The country used to have Texaco, Shell and Esso service stations, with a total of around 50 stations in the country. Not any more. The gas stations were re-branded as Puma and Uno in 2012 after the government pushed out the old brands in favor of Puma-Trafigura oil interests and began to import fuel from Venezuela. That deal has many folks puzzled as fuel prices went up instead of down, but several local millionaires were made.
Unleaded gas is widely available in Belize, at about U.S $5.50 a gallon (2016 price). Leaded is a few cents less, and diesel about as expensive as leaded – go figure that one out (though in some areas such as Punta Gorda, Toledo it is more expensive.) Skilled mechanics are few and far between, although you can get a tire changed almost anywhere. At all gas stations, someone will come out and pump gas for you, and there’s no need to tip. All night gas stations require the driver to exit the vehicle, pay at a secure window, and pump gas themselves. Local gas stations accept BZ or U.S. dollars, and sometimes credit cards.
Miles or Kilometers?
Like the U.S., Belize has rejected the metric system. Distances are given in miles, and gas is sold by the U.S. gallon. However, some Japanese-made rental cars have speed and distance shown in kilometers only, a source of confusion on local mile-denominated roads. You occasionally see a speed limit sign, but there is little if any traffic law enforcement. Local drivers, to be charitable, are not always the best in the world. Sleeping Policemen is the local name for speed-breaker bumps deployed to slow traffic coming into residential areas. In many cases, you’ll get no advance warning about the bumps, but expect them as you enter any town or village.
Unlike in some other countries in the region where shaking down gringos in rental cars is a small industry, in Belize you will usually not be pulled over for phony traffic offenses, and if you are stopped at a checkpoint, which often happens, it is rare but not unheard that you will be asked for a bribe. Shakedowns of tourists by cops however are a new phenomenon. Just answer the questions, if any, show your license or passport and visitor entry card, and you’ll be on your way, with a friendly smile and wave from the police. Of recent, the escalating crime in Belize means that rolling police checkpoints have increased. The police will invariably ask for your driver’s license and check your vehicle’s windshield license sticker. This is more of a pretext to strike up a conversation to see if if you get nervous or start to sweat (in the tropical heat with windows rolled down, everyone start to sweat) and try and determine if you are transporting drugs or doing something illicit.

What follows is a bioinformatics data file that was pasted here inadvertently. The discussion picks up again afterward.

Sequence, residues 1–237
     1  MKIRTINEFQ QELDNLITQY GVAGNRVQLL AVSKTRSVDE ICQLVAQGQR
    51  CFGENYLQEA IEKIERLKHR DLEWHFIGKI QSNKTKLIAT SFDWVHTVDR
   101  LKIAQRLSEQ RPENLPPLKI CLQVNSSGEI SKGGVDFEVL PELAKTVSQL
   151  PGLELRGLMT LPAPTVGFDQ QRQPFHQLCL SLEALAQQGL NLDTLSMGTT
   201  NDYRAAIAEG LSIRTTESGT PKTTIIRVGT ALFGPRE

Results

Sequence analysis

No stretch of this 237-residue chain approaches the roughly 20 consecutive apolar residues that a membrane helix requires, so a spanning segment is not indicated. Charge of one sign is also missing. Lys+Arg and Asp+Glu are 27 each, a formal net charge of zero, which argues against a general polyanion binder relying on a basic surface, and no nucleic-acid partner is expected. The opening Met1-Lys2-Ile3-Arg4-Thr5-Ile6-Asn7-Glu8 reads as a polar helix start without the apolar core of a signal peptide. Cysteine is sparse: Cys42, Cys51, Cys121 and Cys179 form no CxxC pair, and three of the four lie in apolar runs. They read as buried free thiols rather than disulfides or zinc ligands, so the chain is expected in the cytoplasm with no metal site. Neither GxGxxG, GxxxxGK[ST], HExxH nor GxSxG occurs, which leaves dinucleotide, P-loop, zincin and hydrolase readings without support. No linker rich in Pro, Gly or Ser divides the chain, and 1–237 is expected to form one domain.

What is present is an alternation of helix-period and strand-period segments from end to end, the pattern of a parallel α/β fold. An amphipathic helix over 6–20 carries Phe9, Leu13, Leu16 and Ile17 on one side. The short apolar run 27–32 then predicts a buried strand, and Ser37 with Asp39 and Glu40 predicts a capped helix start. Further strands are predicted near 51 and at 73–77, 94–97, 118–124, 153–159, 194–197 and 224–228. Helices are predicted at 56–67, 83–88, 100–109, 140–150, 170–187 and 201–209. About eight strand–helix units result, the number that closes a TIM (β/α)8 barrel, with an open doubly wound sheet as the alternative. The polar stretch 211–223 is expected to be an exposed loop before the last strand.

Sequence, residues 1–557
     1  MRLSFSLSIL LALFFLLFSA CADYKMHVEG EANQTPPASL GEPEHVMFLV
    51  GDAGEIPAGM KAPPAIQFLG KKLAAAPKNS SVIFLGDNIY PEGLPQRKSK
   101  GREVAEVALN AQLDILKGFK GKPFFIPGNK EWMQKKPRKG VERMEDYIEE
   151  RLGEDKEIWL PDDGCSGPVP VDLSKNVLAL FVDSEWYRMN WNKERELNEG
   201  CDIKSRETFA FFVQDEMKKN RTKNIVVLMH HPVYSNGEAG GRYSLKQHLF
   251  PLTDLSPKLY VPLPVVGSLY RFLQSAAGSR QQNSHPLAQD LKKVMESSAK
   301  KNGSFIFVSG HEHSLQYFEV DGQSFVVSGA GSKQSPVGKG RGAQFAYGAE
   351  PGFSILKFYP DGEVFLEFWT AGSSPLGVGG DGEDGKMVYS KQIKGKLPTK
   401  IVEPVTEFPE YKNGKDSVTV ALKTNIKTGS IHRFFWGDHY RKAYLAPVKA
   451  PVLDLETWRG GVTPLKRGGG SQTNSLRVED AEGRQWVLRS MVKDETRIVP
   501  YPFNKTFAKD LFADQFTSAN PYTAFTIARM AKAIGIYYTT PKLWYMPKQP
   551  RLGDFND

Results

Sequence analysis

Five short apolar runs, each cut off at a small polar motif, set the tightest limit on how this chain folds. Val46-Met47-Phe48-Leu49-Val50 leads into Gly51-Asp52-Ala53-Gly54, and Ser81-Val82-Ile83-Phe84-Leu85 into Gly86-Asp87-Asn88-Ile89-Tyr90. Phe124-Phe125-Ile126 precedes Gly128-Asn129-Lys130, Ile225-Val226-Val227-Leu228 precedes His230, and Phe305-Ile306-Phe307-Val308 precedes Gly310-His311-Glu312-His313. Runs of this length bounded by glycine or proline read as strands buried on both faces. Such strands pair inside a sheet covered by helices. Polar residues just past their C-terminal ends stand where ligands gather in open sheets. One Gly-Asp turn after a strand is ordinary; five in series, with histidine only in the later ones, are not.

Belize drivers are as well-trained as their cousins in the U.S., and driving after drinking is unfortunately common. Watch carefully when passing stopped buses — people may suddenly dart around the bus to cross the road. Outside of settled areas, you may drive for an hour or more and never see another car. Be prepared: Bring water, a flash-light and other basic supplies, and a cell phone, just in case. In an emerging economy such as Belize, anyone driving a car is, ipso facto, wealthy. Don’t leave valuables in your car, locked or unlocked. In Belize City, it’s best to park in a secured lot, or at least in a well-lit area. Do not pick up hitchhikers. Belize has draconian drug and guns laws. If your passenger has so much as stick of pot, EVERYONE including innocent passengers and the driver will spend the night in the piss house – that is the accepted Belize designation for the police holding cell.
Driving at Night
Driving at night in developing countries is seldom a good idea, but in Belize night driving is easier than elsewhere because there are so few people on the roads after dark. Jaguars and snakes, yes; people, no. Still, after dark it’s hard to see potholes, cyclists and topes – that is Spanish for sleeping policemen.